Linux penguin graces Xbox

A German programmer is the first to make a Linux application for the Xbox without using Microsoft tools. It may only draw Linux mascot "Tux" on the start-up screen, but it's a start.

Matthew Broersma Special to CNET News
3 min read
A German programmer says he has made the first step toward running the Linux operating system on Microsoft's Xbox game console--without running into any legal entanglements.

Michael Steil, a German programmer, has built an application called linuxpreview, which simply flashes the Xbox LED (light-emitting diode) and draws a penguin on the Xbox start-up screen, along with the message "Xbox Linux Coming Soon!" and a link to the Xbox Linux Web site. However, it is touted as the first application to run on Xbox without using tools from the official Xbox Software Development Kit (SDK), and is the first step toward turning the Xbox into a Linux-based PC.

Steil is the head of the Xbox Linux Project, which is marshalling volunteers to figure out a way to run Linux--which directly competes with Microsoft's Windows operating system--on the console without using any of Microsoft's proprietary development tools. In some ways, the project should be simple, since Xbox is built from hardware that is identical or similar to a standard Intel-based PC.

The first barrier to overcome, however, is Xbox's BIOS (basic input/output system), which differs from that of a PC. In order to start up, Linux needs a bootloader, and the existing varieties all depend on software such as a PC BIOS, or the basic operating system, DOS. The trick, according to Steil, is to figure out enough about the Xbox's BIOS to write a Linux bootloader.

His new program doesn't yet accomplish this, but it's a start, Steil said. "Linuxpreview is a small application, and it's the first one, which shows that it is possible to write an application that has not been developed with Microsoft's SDK and does not contain any Microsoft code," he said in an e-mail interview.

"It would be trivial to write an application showing a penguin logo on the screen which has been written using Microsoft's development tools every regular Xbox game developer has access to. We cannot use this software of course, so it's more difficult to write software that 'does something' on top of the Xbox system software," Steil added.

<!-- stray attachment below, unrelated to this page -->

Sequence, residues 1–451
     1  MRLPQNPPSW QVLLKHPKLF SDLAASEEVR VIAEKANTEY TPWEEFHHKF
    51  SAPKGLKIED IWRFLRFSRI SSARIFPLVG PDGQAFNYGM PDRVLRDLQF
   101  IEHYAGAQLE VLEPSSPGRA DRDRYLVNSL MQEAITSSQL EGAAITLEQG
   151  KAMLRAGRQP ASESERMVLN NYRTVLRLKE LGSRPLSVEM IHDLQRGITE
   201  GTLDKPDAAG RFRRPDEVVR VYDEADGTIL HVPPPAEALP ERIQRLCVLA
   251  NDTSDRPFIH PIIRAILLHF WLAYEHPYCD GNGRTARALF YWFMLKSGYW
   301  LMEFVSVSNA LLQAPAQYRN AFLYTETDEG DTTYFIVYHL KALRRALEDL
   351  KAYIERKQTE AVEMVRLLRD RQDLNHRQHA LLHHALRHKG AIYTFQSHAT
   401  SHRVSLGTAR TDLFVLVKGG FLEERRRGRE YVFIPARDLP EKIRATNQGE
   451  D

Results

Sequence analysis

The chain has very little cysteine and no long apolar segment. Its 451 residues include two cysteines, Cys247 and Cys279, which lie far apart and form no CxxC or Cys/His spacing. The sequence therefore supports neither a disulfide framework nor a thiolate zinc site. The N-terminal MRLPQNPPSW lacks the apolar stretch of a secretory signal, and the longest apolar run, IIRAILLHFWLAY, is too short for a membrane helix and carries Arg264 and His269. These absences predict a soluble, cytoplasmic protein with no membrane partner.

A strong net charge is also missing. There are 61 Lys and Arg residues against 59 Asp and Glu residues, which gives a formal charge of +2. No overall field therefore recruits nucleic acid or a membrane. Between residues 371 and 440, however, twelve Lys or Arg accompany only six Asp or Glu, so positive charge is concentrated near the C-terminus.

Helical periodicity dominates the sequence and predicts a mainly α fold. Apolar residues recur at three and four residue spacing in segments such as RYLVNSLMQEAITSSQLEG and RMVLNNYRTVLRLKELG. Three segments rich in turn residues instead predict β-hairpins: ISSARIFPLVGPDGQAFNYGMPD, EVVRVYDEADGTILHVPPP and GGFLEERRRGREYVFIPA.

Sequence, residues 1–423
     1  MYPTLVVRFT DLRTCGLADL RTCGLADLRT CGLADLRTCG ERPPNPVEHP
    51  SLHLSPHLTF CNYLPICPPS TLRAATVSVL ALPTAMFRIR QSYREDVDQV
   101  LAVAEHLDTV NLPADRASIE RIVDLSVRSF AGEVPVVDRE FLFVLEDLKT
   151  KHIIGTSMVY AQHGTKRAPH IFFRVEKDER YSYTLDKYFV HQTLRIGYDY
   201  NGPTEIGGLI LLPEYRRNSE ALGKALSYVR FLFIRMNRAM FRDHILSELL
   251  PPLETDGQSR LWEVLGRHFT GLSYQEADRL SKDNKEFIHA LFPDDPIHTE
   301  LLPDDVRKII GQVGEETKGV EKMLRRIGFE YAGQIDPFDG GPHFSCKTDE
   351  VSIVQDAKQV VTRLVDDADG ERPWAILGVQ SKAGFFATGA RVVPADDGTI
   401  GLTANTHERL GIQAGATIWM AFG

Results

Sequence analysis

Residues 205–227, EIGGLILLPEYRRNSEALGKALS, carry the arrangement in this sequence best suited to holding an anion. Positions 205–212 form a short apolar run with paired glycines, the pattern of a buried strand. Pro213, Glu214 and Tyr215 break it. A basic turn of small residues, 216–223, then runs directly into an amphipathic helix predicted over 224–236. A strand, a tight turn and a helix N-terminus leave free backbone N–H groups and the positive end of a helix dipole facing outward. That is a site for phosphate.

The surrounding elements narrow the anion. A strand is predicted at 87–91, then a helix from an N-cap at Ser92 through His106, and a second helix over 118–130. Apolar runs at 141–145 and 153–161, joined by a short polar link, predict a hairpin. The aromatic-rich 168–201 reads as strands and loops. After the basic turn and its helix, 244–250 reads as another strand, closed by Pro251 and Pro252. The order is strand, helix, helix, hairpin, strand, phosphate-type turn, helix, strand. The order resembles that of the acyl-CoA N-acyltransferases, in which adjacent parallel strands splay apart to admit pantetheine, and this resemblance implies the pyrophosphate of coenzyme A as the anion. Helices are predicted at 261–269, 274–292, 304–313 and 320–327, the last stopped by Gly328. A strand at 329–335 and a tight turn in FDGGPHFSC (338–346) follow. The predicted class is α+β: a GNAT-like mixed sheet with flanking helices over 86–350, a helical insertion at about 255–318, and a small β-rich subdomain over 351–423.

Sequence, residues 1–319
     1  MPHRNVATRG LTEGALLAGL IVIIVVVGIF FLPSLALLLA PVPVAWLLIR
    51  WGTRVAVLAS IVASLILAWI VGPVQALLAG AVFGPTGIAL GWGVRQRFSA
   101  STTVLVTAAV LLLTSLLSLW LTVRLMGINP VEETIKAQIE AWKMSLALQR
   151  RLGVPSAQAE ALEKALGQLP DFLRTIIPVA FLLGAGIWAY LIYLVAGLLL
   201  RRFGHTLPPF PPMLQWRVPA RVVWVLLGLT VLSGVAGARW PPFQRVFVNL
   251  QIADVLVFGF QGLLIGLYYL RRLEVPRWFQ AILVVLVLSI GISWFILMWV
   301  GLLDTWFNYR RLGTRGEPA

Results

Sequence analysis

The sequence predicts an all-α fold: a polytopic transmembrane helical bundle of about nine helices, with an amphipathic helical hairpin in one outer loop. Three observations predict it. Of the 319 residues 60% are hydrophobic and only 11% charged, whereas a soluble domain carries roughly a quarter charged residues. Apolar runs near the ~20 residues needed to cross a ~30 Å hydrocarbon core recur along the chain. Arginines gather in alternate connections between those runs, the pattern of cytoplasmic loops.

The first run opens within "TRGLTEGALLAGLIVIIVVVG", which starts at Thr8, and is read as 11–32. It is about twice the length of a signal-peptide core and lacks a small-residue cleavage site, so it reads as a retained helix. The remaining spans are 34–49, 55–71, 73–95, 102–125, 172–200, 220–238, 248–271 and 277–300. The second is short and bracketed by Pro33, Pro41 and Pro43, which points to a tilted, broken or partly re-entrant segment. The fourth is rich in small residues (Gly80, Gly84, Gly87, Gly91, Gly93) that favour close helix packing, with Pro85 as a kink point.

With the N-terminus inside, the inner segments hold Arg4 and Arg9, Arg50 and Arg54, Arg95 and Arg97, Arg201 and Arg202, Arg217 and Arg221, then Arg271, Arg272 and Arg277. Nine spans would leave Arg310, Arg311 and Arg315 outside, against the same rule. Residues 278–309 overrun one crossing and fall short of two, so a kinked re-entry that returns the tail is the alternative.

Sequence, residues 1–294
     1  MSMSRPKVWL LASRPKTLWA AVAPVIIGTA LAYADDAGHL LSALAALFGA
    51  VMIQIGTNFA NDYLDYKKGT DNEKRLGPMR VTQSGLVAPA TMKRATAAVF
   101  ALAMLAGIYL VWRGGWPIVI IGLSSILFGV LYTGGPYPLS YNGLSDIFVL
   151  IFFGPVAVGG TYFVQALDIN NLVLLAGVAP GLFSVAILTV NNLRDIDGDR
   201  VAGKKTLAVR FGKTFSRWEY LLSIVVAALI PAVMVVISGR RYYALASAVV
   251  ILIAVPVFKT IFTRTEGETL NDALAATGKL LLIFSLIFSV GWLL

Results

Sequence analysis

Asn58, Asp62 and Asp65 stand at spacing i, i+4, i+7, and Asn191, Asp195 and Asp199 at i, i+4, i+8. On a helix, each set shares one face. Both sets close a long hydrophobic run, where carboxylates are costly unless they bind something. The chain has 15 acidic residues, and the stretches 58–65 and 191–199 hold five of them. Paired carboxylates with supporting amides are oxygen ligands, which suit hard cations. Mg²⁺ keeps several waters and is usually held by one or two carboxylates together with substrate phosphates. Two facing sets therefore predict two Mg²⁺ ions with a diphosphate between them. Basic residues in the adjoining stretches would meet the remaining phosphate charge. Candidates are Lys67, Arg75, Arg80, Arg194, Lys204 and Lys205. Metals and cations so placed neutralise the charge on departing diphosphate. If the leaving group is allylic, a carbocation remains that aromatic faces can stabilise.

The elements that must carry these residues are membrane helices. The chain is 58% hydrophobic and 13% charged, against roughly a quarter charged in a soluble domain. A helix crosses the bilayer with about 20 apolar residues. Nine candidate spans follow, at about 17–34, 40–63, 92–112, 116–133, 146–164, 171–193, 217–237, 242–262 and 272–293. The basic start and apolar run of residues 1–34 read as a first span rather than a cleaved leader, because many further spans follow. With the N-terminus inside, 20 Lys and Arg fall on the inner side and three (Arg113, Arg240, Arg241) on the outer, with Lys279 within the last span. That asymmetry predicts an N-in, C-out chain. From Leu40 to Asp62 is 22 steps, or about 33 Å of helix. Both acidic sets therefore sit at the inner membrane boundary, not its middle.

He said that linuxpreview can be used as a template for the upcoming bootloader and other applications. However, once Linux has booted, other applications will have to deal only with the Linux environment and will not have to deal directly with the Xbox BIOS, according to Steil.

The current application runs on an Xbox with modified hardware that lets the console run non-Xbox applications. Ultimately, though, the Xbox Linux developers are aiming to get Linux up and running with a software-only method. An anonymous donor recently offered $200,000 for various stages in the Xbox Linux project, with $100,000 for finding a software-only Linux solution.

The necessity of hardware modification isn't just inconvenient; it can also be expensive for programmers who are spending their spare cash on the consoles. "I now have my third Xbox; two were broken because of my hardware research," said Enrico Kern, another German programmer working on the project.

On the other hand, the Linux enthusiasts are well aware that, according to analyst estimates, Microsoft is losing $125 or more for every console it sells. "We are no friends of Microsoft," Kern said.

Linux is based on an open-source license, beloved by hackers because it allows them to modify and redistribute the operating system's underlying source code, as long as the resulting software is itself open source.

ZDNet U.K.'s Matthew Broersma reported from London.